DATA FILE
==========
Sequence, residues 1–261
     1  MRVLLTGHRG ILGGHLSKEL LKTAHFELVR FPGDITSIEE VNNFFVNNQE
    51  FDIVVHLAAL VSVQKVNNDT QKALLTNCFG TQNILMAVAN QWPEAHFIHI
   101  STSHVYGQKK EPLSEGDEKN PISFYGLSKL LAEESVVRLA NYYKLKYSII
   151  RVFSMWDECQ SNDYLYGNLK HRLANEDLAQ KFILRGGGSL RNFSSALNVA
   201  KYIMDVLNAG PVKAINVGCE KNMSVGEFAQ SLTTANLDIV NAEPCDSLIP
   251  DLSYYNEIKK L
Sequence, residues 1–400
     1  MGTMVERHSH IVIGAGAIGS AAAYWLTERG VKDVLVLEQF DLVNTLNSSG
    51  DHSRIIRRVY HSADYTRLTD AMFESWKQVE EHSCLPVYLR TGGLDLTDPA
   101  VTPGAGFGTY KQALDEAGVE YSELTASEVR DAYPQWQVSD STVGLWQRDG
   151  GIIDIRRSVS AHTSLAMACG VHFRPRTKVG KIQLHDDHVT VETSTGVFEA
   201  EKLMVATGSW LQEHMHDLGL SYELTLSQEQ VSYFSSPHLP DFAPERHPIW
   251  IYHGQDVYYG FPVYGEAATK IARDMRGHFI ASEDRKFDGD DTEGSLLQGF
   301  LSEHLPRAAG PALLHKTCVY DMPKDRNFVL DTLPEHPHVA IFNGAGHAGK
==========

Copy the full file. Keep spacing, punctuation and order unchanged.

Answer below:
Sequence, residues 1–261
     1  MRVLLTGHRG ILGGHLSKEL LKTAHFELVR FPGDITSIEE VNNFFVNNQE
    51  FDIVVHLAAL VSVQKVNNDT QKALLTNCFG TQNILMAVAN QWPEAHFIHI
   101  STSHVYGQKK EPLSEGDEKN PISFYGLSKL LAEESVVRLA NYYKLKYSII
   151  RVFSMWDECQ SNDYLYGNLK HRLANEDLAQ KFILRGGGSL RNFSSALNVA
   201  KYIMDVLNAG PVKAINVGCE KNMSVGEFAQ SLTTANLDIV NAEPCDSLIP
   251  DLSYYNEIKK L
Sequence, residues 1–400
     1  MGTMVERHSH IVIGAGAIGS AAAYWLTERG VKDVLVLEQF DLVNTLNSSG
    51  DHSRIIRRVY HSADYTRLTD AMFESWKQVE EHSCLPVYLR TGGLDLTDPA
   101  VTPGAGFGTY KQALDEAGVE YSELTASEVR DAYPQWQVSD STVGLWQRDG
   151  GIIDIRRSVS AHTSLAMACG VHFRPRTKVG KIQLHDDHVT VETSTGVFEA
   201  EKLMVATGSW LQEHMHDLGL SYELTLSQEQ VSYFSSPHLP DFAPERHPIW
   251  IYHGQDVYYG FPVYGEAATK IARDMRGHFI ASEDRKFDGD DTEGSLLQGF
   301  LSEHLPRAAG PALLHKTCVY DMPKDRNFVL DTLPEHPHVA IFNGAGHAGK